Well, September just flew by! We've joined up with a few different groups and are settling into some fun activities.
One of the kids is spending a few hours a week with a First Lego League (FLL) Robotics team. They are analyzing problems, strategizing to find solutions, and working together to maximize the strengths of each team member to accomplish a common goal. I was the parent helper this week for the team meeting and got to see this group of highly intelligent 8-12 year old kids working together. I was so impressed. The parent-coach gave direction here and there, mostly suggestions with occasional reminders of what the goals for that session were, and the kids went off and worked on their part of the project. This is going to be such a great experience for my oldest. He is still timid about inserting his thoughts and opinions into the group discussion, but with a smaller set of students, he's much more likely to learn and be encouraged along the way. We would never have had this kind of opportunity in our previous school setting.
A few days ago the two oldest and I went to see The Merchant of Venice in Stratford. To prepare the kids (and myself) for this play (which is written in 400 year-old English) we read the summary from Tales From Shakespeare (by Charles and Mary Lamb.) This summary was written 200 years ago, so it was still difficult for the kids to understand. As the three kids and I read through it together, I would stop and explain, line by line at times, what the story was about. We got about half way through the summary and the youngest begged me to continue. He was mesmerized by the story! This is the same boy who whines when I ask him to read anything other than a comic strip. We read the rest of the summary and prepared ourselves for the play (which we knew we wouldn't totally understand.) During the play I kept my eye on the kids... They were squirmy and appeared bored at times. On the way home I asked if they liked it at all. "Yah! I liked it." Did you guys understand which part of the story was happening when? "Yep, I just watched what they were doing and remember the story that you read to us."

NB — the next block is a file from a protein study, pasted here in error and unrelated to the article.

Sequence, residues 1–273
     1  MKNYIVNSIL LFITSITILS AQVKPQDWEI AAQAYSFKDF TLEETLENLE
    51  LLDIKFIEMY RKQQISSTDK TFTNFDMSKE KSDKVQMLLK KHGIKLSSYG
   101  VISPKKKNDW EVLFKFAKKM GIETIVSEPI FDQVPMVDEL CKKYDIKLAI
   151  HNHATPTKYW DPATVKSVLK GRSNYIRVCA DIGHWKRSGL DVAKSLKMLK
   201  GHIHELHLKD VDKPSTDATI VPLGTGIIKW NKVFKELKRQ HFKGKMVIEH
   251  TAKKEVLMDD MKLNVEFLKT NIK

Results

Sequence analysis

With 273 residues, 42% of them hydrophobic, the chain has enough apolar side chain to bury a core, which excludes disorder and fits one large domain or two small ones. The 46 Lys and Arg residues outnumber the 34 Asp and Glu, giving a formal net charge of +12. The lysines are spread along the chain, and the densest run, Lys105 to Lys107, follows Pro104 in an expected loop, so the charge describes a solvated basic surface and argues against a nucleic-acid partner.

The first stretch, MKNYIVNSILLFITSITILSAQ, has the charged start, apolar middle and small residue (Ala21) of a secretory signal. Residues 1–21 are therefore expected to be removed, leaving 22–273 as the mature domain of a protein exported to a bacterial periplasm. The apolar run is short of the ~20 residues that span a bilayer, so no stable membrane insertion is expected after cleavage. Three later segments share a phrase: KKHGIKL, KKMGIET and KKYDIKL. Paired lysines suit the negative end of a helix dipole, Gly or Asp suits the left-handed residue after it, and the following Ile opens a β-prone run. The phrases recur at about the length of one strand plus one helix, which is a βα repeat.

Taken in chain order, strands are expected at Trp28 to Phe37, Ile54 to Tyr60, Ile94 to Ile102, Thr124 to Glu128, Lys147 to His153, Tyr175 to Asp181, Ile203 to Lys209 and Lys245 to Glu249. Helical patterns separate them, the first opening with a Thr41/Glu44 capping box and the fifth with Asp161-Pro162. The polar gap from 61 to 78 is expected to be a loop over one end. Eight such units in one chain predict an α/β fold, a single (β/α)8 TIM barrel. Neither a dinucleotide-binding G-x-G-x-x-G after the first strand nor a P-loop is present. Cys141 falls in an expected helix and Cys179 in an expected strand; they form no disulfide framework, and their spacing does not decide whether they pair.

The kids begged to join the Hot Cocoa Club at the library. They each bring a mug and sit and listen as one of the library employees reads to them. They're reading The Magician's Nephew by C.S. Lewis. My reluctant reader has been reading on in our copy here at home. He wants to know what happens and just can't wait till next week to find out!
As for other reading, my 11 year-old read through Eragon by Christopher Paolini and is now reading Book Two in that series, Eldest. My 9 year-old has finally started reading about Ramona Quimby and has fallen in love with her family. My 7 year-old has a hard time putting down The Magician's Nephew. He took it out while we were running around town to do some shopping yesterday. I think the trick with that one is to get him started by reading the first chapter or two together - just enough to make him realize that there really might be an interesting story in there.
So, while we're doing lots of book learning, we're also having some hands-on learning along the way. We have more time to read, more time to join different activities, and more time to learn new things. (I didn't mention yet that the oldest wants to learn violin. He's found a website to teach him techniques and notes, and then his father refines those at the end of the day.)
We're all still loving it, one month in to the process. Remind me next time to tell you about music and drama, gym days, and the youngest's proposed trumpet lessons.
Yes, the trumpet should be interesting. I'll catch you up on that another time.